Abstract


    AN14055  Accepted 09 December 2014
    Proximate composition and variation in colour, drip loss and pH of breast meat from broilers supplemented with Moringa oleifera leaf meal over time
    Thobele Nkukwana, Voster Muchenje, Patrick Masika, Elsje Pieterse, Louw Hoffman, Kennedy Dzama
    Abstract


    AN14750  Accepted 05 December 2014
    Using growth and body composition to determine weight at maturity in Nellore cattle
    Marcos Marcondes, Luis Tedeschi, Sebastião Valadares Filho, Luiz Fernando Costa e Silva, Alex Silva
    Abstract


    AN14738  Accepted 05 December 2014
    Analysis of population structure and genetic variability in the Iranian buffaloes (Bubalus bubalis) using pedigree information
    Navid Ghavi Hossein-Zadeh
    Abstract


    AN14070  Accepted 02 December 2014
    Exhaled breath condensate hydrogen peroxide concentration, a novel biomarker for assessment of oxidative stress in sheep during heat stress
    Surinder Chauhan, Pietro Celi, Brian Leury, Fan Liu, Frank Dunshea
    Abstract


    AN14647  Accepted 02 December 2014
    Resource use and environmental impacts from Australian export lamb production: a life cycle assessment
    Stephen Wiedemann, Mingjia Yan, Caoilinn Murphy
    Abstract


    AN14030  Accepted 02 December 2014
    Replacing conventional with brown midrib corn silage in a total mixed ration: The impact on early and late lactation dairy cow intake, milk yield and composition, and milk fatty acids profile
    Gabriel Genero, Carlos Cangiano, J P Raimondi, Julián Roig, Gerardo Gagliostro
    Abstract


    AN14419  Accepted 28 November 2014
    Environmental and genetic factors influence the liveweight of adult Merino and Border Leicester-Merino ewes across multiple sites and years.
    Sarah Blumer, Graham Gardner, Mark Ferguson, Andrew Thompson
    Abstract


    AN14583  Accepted 13 November 2014
    Divergent breeding values for fatness or residual feed intake in Angus cattle. 1. Pregnancy rates of heifers differed between fat lines and were affected by weight and fat.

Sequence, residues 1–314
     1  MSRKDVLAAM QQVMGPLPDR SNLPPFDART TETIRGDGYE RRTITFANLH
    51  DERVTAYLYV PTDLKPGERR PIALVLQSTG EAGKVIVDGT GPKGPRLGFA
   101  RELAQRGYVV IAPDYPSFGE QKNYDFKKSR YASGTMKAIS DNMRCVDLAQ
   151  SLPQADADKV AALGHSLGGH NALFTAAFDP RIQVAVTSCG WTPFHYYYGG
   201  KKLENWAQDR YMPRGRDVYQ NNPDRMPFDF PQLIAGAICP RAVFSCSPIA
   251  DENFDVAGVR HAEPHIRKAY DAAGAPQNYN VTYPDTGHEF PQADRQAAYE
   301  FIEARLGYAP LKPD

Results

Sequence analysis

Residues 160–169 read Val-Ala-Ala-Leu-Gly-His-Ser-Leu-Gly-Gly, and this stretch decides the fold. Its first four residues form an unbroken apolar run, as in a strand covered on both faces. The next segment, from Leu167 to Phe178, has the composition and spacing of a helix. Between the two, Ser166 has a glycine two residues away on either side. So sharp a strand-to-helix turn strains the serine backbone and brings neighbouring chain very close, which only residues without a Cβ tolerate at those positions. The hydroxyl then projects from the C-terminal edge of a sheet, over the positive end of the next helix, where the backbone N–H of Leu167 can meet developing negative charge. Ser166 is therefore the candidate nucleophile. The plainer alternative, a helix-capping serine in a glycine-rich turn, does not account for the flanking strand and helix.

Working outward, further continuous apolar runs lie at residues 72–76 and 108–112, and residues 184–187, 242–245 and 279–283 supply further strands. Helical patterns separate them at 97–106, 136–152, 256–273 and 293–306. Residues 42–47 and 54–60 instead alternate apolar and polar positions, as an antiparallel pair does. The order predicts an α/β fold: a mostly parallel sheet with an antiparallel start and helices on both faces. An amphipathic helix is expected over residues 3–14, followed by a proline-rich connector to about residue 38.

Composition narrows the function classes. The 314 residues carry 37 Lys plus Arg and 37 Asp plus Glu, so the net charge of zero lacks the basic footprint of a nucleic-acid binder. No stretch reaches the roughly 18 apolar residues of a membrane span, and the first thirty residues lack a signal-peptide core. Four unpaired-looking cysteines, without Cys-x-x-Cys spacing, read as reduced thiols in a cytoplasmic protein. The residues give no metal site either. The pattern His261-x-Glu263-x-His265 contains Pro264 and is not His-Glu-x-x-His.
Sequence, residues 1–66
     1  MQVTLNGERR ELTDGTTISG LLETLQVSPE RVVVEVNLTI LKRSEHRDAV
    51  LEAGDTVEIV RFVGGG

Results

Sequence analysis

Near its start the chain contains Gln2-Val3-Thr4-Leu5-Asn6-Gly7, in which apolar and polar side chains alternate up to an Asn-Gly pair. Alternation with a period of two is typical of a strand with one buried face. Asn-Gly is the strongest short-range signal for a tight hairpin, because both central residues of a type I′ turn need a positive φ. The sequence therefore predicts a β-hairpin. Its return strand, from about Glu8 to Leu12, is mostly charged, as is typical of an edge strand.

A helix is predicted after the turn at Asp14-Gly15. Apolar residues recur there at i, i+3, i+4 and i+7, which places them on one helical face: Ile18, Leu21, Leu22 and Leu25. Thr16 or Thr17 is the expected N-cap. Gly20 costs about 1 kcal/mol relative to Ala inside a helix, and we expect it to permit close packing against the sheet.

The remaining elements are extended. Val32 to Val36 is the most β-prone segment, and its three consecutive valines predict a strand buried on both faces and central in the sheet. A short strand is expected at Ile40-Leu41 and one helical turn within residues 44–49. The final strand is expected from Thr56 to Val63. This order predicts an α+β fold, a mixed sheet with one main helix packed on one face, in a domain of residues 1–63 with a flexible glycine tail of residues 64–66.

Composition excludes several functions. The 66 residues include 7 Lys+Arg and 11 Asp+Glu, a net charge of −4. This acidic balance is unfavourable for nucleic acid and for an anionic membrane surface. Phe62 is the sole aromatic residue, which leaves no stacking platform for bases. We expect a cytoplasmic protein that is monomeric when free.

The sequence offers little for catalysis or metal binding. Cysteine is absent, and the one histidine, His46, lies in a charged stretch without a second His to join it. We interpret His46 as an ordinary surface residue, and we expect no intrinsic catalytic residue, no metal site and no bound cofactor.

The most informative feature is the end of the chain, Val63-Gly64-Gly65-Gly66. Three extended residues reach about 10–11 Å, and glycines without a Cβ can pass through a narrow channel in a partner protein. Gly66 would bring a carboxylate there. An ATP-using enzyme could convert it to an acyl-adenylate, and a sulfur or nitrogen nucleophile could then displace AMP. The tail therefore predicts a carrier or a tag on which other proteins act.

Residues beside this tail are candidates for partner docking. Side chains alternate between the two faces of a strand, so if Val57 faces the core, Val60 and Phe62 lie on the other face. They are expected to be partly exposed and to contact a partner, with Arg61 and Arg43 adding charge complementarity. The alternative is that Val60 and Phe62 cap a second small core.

Fiona Jones, Jeisane Accioly, Katrina Copping, Michael Deland, John Graham, Michelle Hebart, Robert Herd, Michael Laurence, Stephen Lee, Jane Speijers, Wayne Pitchford
    Abstract


    AN14630  Accepted 03 November 2014
    Pregnancy scanning can be used as a source of data for genetic evaluation of reproductive traits of ewes
    Kim Bunter, Andrew Swan, Ian Purvis, Daniel Brown
    Abstract


    AN14687  Accepted 29 October 2014
    Resource use and environmental impacts from beef production in eastern Australia investigated using life cycle assessment
    Stephen Wiedemann, Eugene McGahan, Caoilinn Murphy, Mingjia Yan
    Abstract


    AN14743  Accepted 27 October 2014
    Effect of dietary ALA on growth rate, feed conversion ratio, mortality rate and breast meat omega-3 LCPUFA content in broiler chickens
    John Carragher, Beverly Muhlhausler, Mark Geier, John House, Bob Hughes, Robert Gibson
    Abstract


    AN13467  Accepted 20 October 2014
    Birth weight has no influence on chemical body composition and muscle energy stores in suckling piglets
    Maartje De Vos, veronique Huygelen, Myriam Hesta, Sofie Willemen, Erik Fransen, Christophe Casteleyn, Steven Van Cruchten, Chris Van Ginneken
    Abstract


    AN14183  Accepted 25 September 2014
    The effect of slaughter weight on the carcass characteristics of pork with sex type as co-variable
    Elsje Pieterse, Louw Hoffman, Francois Siebrits, Elaine Gloy, Ewa Polawska
    Abstract


    AN14645  Accepted 10 September 2014
    Genetic importance of fat and eye muscle depth in Merino breeding programs
    Daniel Brown, Andrew Swan
    Abstract


    AN14517  Accepted 08 August 2014
    Grazing crops – implications for reproducing sheep
    David Masters, Andrew Thompson
    Abstract


    AN14034  Accepted 04 August 2014
    Divergent breeding values for fatness or residual feed intake in Angus cattle 5: Cow genotype affects feed efficiency and maternal productivity
    Michelle Hebart, Jeisane Accioly, Katrina Copping, Michael Deland, Robert Herd, Fiona Jones, Michael Laurence, Stephen Lee, David Lines, Jane Speijers, Brad Walmsley, Wayne Pitchford
    Abstract


    AN13060  Accepted 06 June 2014
    Maternal body composition in Australian seedstock herds: 1. Grazing management strategy influences perspectives on optimal balance of production traits and maternal productivity
    Stephen Lee, Ian Nuberg, Wayne Pitchford
    Abstract


    AN13258  Accepted 10 February 2014
    Genetic parameters for body composition of Angus and Hereford cows
    Kath Donoghue, Stephen Lee, Peter Parnell, Wayne Pitchford
    Abstract


    AN13533  Accepted 20 December 2013
    Maternal body composition in seedstock herds. 1. Relationships between cow body composition and BREEDPLAN EBVs for Angus and Hereford cows
    Stephen Lee, Kath Donoghue, Wayne Pitchford
    Abstract


    AN13295  Accepted 08 November 2013
    Divergent genotypes for fatness or residual feed intake in Angus cattle: 3. Performance of mature cows.